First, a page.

Posted on September 12th, 2012 by
There is little evidence to show that organic food is more nutritious than conventional food; however, eating organic food may reduce exposure to pesticides and antibiotic-resistant bacteria, according to the results of a study published in the Annals of Internal Medicine.
Organic food is food that is grown without the use of chemical pesticides and fertilizers, biotechnology, and irradiation. In contrast, conventional farming practices employ the use of chemical fertilizers, pesticides, herbicides, antibiotics, and growth hormones.
There is a commonly held perception that organic food is better or healthier than conventional food, but thus far, there is little data to confirm or refute this. Researchers from Stanford performed a comprehensive review of evidence comparing the health effects of organic and conventional foods. Their analysis included 17 studies of populations consuming organic and conventional diets and 223 studies that compared either the nutrient levels or the bacterial, fungal or pesticide contamination of various products (fruits, vegetables, grains, meats, milk, poultry, and eggs) grown organically and conventionally.
The analysis revealed little significant difference in the health effects of organic and conventional foods. There was no consistent difference in the nutrient content of organic foods versus conventional foods, except for one nutrient that was significantly higher in organic food—phosphorous. The researchers noted that this carried little clinical significance since very few people are deficient in phosphorous. The researchers found no difference in the protein or fat content between organic and conventional milk; however, a few studies indicated that organic milk might contain significantly higher levels of omega-3 fatty acids.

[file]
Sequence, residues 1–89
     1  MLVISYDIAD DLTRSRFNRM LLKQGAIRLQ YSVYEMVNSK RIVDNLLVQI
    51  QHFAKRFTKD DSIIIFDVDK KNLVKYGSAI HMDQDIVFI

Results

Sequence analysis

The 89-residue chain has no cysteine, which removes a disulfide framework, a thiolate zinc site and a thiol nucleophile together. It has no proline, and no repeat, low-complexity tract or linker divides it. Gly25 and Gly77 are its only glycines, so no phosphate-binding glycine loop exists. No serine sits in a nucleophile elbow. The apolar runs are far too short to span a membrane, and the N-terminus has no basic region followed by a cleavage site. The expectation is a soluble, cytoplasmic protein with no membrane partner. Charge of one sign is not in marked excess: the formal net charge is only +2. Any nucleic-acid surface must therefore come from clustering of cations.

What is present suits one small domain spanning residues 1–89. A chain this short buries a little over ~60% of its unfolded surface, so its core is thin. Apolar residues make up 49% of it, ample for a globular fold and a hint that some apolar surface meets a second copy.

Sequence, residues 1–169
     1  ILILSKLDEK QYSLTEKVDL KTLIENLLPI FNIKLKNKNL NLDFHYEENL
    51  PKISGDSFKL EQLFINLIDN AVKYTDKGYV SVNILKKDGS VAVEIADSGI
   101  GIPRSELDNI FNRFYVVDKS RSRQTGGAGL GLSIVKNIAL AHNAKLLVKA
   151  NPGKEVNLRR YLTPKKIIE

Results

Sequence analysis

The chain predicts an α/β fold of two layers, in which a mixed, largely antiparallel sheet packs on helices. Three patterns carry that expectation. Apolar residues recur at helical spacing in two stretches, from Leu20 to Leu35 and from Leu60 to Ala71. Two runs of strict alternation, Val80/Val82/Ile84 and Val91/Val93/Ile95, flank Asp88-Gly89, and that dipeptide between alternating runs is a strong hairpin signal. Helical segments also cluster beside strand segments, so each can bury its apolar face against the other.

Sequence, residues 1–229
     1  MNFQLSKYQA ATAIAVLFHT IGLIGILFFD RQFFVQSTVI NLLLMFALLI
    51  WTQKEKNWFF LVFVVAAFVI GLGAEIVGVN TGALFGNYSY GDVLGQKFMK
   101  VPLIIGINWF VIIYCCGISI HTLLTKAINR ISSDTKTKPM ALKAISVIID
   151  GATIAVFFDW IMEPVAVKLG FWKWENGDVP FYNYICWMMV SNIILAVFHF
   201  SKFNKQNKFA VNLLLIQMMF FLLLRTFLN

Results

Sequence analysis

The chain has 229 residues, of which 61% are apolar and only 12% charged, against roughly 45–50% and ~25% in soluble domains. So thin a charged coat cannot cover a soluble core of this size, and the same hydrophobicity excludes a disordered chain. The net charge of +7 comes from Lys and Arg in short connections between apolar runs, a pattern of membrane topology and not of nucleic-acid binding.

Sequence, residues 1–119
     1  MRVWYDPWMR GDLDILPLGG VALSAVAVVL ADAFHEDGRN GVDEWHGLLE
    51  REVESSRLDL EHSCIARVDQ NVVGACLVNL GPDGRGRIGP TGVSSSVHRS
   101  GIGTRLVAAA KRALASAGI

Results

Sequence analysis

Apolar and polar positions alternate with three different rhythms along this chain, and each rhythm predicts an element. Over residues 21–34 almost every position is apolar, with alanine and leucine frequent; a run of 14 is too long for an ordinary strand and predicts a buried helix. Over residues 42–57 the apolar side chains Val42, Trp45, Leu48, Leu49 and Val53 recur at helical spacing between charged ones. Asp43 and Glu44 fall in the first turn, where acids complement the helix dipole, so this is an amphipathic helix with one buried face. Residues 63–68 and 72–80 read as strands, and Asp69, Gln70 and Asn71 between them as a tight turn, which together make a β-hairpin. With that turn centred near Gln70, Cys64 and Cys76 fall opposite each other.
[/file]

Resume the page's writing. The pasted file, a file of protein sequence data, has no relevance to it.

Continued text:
In terms of pesticide residue, the researchers found that organic produce had a 30 percent lower risk of pesticide contamination compared to conventional produce. Two studies compared children who consumed organic and conventional diets and found that the urine of children on organic diets had lower levels of pesticide residues. Individuals who consumed organic chicken and pork appeared to have a lower risk of exposure to antibiotic-resistant bacteria. More research is necessary to determine the clinical significance of these findings.
In short—this research appears to indicate that nutrient per nutrient, there is little difference between organic and conventional produce. However, consuming organic produce may reduce exposure to pesticides and antibiotic-resistant bacteria.
There are a variety of reasons to choose organic, including environmental factors; however, organic food is not necessarily “better”—especially if it becomes a limiting factor. It is important to consume a diet rich in fruits and vegetables, whether conventional or organic.
Smith-Spangler C, Brandeau ML, Hunger GE, et al. Are organic foods safer or healthier than conventional alternatives?: A systematic review. Annals of Internal Medicine. 2012; 157(5): 348-366.
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